Thanks for all the feedback, I wrote down a lot to help me stay focused. I know VSG surgery wasn't a waste and I need to commit to the changes. I also have a great team of doctors who help me strive to lose. I am taking a break from TOPS and I decided to work full time verses part time which begins in November.
You CAN succeed at this !
Losing all the weight you want n staying long term emotionally and physically healthy is up 2 U !
First key is movement. Making movement a first priority every time you wake up ( no forcing just get out there for ten minutes and then allow yourself to go home or continue exercising if you?re enjoying it ) is everything. You?ll lose twenty lbs and look fantastic before you blink .
second ... no matter what anyone recommends listen to your common sense regarding food .
There?s a heck of a lot more forgiveness if you choose to eat low fat . Truth is the average American diet is ridiculously high in fat and contains giant portion sizes enough for an entire family and is crazy high calorie.
If you try to eat the way you always did you?re gonna get what you always got - fat!
Fried foods , ice cream , ? fast foods ? road food and slider foods have to be off the menu .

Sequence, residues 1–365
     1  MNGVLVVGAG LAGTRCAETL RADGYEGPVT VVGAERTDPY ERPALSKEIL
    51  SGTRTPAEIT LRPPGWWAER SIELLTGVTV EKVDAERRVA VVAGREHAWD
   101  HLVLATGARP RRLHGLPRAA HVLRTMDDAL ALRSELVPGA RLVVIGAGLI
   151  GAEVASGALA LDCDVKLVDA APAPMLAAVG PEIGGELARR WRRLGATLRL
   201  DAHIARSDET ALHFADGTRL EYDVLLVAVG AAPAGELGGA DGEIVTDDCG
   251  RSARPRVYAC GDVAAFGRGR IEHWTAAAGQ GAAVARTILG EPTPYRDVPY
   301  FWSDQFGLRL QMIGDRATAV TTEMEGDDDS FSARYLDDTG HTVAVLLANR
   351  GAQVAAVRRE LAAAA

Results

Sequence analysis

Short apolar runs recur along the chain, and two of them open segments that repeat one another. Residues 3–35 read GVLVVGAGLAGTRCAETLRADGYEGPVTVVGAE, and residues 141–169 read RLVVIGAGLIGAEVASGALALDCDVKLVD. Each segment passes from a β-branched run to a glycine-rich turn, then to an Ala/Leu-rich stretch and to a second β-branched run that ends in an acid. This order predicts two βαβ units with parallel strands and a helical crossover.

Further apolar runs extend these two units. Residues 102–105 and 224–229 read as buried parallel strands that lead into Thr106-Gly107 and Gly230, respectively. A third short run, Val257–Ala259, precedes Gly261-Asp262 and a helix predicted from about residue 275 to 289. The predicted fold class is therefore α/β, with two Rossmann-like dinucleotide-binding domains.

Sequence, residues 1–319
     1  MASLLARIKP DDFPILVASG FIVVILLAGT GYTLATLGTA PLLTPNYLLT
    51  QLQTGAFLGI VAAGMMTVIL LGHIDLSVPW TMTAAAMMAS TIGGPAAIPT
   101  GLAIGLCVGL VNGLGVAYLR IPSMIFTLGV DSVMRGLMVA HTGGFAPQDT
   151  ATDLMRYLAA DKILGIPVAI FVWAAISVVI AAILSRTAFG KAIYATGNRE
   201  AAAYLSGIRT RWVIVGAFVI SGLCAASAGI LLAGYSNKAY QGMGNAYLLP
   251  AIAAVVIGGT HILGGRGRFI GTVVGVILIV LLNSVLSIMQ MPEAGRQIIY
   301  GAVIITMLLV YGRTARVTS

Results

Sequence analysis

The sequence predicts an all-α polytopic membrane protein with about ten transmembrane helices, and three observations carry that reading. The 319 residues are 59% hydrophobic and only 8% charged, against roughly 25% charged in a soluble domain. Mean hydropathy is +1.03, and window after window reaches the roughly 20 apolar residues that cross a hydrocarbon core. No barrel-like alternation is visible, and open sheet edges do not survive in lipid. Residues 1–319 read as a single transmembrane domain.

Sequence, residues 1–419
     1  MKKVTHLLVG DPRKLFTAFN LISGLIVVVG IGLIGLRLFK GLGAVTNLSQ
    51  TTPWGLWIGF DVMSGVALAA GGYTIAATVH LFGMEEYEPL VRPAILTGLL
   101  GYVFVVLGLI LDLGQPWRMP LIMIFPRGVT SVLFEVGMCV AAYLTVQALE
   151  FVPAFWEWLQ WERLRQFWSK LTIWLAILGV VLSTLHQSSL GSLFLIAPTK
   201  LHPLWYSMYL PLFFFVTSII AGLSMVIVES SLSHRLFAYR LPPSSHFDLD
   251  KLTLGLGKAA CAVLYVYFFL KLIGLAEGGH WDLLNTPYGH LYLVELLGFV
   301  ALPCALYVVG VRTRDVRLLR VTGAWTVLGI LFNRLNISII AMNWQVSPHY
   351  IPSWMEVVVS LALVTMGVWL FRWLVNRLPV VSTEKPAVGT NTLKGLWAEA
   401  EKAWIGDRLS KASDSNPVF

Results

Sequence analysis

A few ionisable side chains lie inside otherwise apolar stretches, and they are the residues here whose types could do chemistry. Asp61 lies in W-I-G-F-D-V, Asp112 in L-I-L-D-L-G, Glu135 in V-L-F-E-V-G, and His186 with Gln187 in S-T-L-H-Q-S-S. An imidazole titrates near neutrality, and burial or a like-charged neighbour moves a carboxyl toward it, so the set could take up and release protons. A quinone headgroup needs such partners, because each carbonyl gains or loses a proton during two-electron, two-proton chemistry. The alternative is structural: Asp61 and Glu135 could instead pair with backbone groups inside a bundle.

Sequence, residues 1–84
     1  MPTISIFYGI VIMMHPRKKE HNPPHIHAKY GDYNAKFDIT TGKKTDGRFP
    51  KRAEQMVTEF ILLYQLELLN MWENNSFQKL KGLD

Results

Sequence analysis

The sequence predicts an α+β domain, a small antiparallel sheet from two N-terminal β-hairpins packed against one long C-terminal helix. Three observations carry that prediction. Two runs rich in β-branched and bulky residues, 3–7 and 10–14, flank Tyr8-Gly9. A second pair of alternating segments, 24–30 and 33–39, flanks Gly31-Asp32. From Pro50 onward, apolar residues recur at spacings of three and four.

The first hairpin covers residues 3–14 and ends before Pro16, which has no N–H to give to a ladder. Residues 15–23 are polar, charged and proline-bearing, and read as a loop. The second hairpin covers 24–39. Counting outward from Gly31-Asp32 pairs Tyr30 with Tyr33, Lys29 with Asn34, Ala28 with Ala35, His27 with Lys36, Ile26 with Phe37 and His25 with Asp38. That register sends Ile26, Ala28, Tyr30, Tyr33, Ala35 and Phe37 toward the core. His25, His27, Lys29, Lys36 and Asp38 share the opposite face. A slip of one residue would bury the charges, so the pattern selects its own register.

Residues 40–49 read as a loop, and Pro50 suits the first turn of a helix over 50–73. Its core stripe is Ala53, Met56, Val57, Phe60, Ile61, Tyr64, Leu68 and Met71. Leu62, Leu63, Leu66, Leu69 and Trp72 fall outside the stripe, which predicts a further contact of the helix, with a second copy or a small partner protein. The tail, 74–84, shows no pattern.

But it?s a proven fact .... you stop eating any item for six weeks your body forgets it and you won?t have that craving .
I couldn?t eat ?breaded? and fried foods if you paid me -literally. I couldn?t eat anything from a seven eleven or Mickey DS . Nor should I want to - a supermarket with salads and fresh juices is just right around any corner. Chinese takeouts with healthy cheap lunch specials are everywhere. I always ask for no oil and lots of condiments to make the food tasty as compensation. Some restaurants will even give you no rice or noodles but just more fresh veggies for no extra cost.
This surgery works and will continue working but how well is up to you .
You have to appreciate the once in a lifetime chance your lifesaving WLS gave you.
This is IT ! Just do what you agreed to before the surgery... you knew your eating and exercising habits were going 2 permanently have 2 change
. Most WLS patients end up backsliding and even heavier because they refuse 2 change their habits. It?s really tragic don?t be a statistic. Hugs